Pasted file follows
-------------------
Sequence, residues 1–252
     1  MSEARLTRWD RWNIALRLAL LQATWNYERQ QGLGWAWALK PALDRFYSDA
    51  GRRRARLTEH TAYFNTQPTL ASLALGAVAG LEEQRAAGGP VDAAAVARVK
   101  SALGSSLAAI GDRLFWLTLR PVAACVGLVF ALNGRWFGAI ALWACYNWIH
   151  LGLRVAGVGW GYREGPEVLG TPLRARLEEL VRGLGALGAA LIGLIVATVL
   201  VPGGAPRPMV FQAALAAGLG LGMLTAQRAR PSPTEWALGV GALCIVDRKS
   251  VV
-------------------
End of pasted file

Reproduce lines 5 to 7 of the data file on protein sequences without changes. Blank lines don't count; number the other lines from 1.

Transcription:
   151  LGLRVAGVGW GYREGPEVLG TPLRARLEEL VRGLGALGAA LIGLIVATVL
   201  VPGGAPRPMV FQAALAAGLG LGMLTAQRAR PSPTEWALGV GALCIVDRKS
   251  VV